Epidemiologist and Professor Amira Roess answers frequently asked questions about the newest COVID booster shot.
In the United States, a new COVID-19 booster shot has been approved and recommended for people aged 12 and older.
This new booster, called a “bivalent” booster, was created to combat the original COVID strain and to protect against the newest omicron variants (BA.4 and BA.5).
Epidemiologist and Professor at George Mason University Dr. Amira Roess specializes in infectious diseases and answers frequently asked questions about the new COVID-19 booster shot.
Who should get the COVID-19 new booster?
Those aged 12 years and older who are eligible are encouraged to get the new bivalent booster. Eligibility is defined as being at least 2 months out from their last booster dose or from the initial primary series.
FDA has authorized two new boosters, one from Moderna and one from Pfizer. Visit the Centers for Disease Control website to find out if you are eligible.
The numbers are down, and less people seem to be getting COVID, so why should I get the new booster vaccine?
Disease modelers have been forecasting a surge in cases this fall and winter, in part due to the fact that we are moving into colder months when we will be indoors more and exposed to more viruses.
In addition, many individuals are losing their immunity against the virus. People were vaccinated or boosted many months ago, and many were in the spring or the summer.
This means that soon they will be at risk for (re)infection. Getting the new booster can help decrease your chance of getting infected and can dramatically decrease your chance of a severe infection if you are infected.
Another important note here is that we are significantly undercounting cases. Many of us are using home-based kits, and we are not reporting results to public health agencies.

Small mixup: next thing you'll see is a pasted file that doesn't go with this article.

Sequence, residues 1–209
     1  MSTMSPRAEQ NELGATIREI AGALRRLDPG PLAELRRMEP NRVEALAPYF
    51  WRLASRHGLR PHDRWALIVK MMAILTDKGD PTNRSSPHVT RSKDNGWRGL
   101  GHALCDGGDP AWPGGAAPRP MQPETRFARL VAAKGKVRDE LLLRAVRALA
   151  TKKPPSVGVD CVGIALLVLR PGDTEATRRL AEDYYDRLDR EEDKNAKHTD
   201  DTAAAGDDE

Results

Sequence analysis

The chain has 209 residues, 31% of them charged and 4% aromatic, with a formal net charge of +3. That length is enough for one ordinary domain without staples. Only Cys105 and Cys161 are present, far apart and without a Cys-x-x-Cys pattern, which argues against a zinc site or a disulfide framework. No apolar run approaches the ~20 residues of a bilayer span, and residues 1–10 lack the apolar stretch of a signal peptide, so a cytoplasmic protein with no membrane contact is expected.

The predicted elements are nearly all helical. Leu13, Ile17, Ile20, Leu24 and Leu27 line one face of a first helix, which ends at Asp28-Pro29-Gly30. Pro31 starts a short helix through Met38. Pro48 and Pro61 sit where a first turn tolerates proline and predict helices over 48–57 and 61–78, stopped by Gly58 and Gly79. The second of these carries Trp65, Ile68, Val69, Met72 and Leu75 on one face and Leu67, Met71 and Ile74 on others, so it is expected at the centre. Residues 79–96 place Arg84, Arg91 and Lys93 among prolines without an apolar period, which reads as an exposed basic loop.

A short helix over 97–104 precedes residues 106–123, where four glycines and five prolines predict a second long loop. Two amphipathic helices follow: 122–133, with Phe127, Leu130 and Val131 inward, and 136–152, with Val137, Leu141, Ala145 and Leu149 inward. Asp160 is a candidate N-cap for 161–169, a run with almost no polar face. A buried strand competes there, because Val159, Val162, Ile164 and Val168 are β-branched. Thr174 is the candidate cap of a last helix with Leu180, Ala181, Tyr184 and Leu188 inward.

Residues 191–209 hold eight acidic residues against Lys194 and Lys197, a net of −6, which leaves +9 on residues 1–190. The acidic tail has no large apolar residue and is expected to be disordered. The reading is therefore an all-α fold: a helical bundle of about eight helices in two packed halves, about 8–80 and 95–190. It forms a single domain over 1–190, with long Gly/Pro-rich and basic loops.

Is now a good time to get boosted?
If you are eligible, yes. Now is a good time, and you should consider getting the new booster. We are hearing reports of children getting infected at school and infecting their household members.
We will likely see more cases in the coming weeks.
Eligible individuals who get the new booster can expect to have a lower chance of getting COVID-19, and if they do become infected, they will likely have a very mild case and shorter duration of illness.
This will cut down the chance of passing on the virus to others.
How soon after infection can I get the new booster?
General CDC guidance suggests you wait at least 3 months from the onset of symptoms or positive test. We can expect the CDC and White House to release guidance on this related to the booster in the coming weeks.
Why don’t we know more about the currently circulating COVID-19 variant?
The data, while preliminary, indicate that the currently circulating variant, BA.5, is the most immune evasive one that we have dealt with to date.
Individuals are getting reinfected with this variant at a greater rate compared to previously circulating variants.
In addition, we are seeing a segment of the population getting reinfected within 2 months of infection. Because BA.5 became dominant over the summer, there is still quite a bit that we don’t know.
The data do suggest that overall, among healthy individuals, severe illness, hospitalization, and death continue to be significantly lower following infection with this variant.
How do we deal with this moving forward?
First, if you are eligible for the new booster, consider getting it.
Next, try to stay home if you have symptoms, even if your rapid test is negative. We want to avoid infecting others, particularly those who are immune compromised or elderly.
If you test positive, isolate at home to the best of your ability. The CDC updated its guidelines to shorten the duration of isolation and quarantine.
Once you are out of isolation, continue to wear your mask when you are around others to further protect them.
The good news is that most healthy adults are not getting very sick. However, we do want to keep in mind that there are many immune-compromised individuals in our community who are at risk for severe illness should they get infected.
Written by Mary Cunningham, George Mason University.
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